Australia State of the Environment Report 2001 (Theme Report)
Australian State of the Environment Committee, Authors
Published by CSIRO on behalf of the Department of the Environment and Heritage, 2001
ISBN 0 643 06751 5
Recreational fishing in Australia is an activity enjoyed by some five million fishers, who catch an estimated 30 000 tonnes per year (FRDC 2000). Recreational fishing in saltwater accounts for some 73 per cent of recreational fishing. The recreational sector is large and widely dispersed around Australia, and its management is generally the responsibility of State and Territory governments.
Recreational fishing is not controlled to the same extent as commercial fishing. It is limited by a variety of methods, including size limit, bag limit (number of fish per person), boat limit, seasonal closures of areas, and limits on equipment allowed.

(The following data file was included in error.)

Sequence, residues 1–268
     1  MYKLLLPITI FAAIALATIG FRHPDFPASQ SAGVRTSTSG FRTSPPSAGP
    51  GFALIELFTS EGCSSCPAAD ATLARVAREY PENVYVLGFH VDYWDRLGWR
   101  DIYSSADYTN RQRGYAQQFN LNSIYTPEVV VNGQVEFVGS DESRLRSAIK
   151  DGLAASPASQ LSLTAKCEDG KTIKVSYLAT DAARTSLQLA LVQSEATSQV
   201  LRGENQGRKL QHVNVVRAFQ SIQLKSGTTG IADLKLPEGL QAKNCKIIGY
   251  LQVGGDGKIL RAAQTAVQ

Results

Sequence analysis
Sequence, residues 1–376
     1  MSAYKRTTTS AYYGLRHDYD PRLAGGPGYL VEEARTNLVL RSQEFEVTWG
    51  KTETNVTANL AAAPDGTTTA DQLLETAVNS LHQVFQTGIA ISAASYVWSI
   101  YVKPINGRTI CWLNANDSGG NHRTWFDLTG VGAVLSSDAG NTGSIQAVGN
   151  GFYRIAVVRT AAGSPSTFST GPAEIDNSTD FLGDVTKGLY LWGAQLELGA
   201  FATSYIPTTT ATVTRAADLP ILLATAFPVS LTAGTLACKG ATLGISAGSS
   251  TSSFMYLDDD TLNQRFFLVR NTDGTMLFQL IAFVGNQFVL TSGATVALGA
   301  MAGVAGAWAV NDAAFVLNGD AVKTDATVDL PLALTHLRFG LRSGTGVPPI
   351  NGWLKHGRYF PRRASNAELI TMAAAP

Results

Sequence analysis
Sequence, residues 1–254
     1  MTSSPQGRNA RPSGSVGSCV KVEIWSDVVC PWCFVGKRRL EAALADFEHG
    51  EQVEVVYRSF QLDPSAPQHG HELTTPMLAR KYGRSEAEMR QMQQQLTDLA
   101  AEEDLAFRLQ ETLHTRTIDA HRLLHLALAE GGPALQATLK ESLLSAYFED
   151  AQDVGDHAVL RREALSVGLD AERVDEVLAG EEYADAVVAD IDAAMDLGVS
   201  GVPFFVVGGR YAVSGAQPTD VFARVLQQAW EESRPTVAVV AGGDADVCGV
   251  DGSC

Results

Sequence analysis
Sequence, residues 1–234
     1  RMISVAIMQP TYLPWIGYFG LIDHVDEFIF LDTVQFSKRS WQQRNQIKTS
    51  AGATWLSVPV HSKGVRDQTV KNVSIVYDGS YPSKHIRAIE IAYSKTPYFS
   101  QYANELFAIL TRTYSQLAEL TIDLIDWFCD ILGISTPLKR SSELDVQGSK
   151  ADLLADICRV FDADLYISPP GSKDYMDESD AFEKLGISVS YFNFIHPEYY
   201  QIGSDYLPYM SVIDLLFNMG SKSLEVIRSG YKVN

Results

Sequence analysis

Some States have introduced a general angling licence to include marine recreational fishing because of the pressure that recreational fishing is placing on fishery resources (for example, Victoria and New South Wales). Fisheries Western Australia has outlined a new framework for managing recreational fisheries in Western Australia (Fisheries Western Australia 2000b), given that an estimated 600 000 people target and catch a great variety and quantity of finfish and shellfish in that State.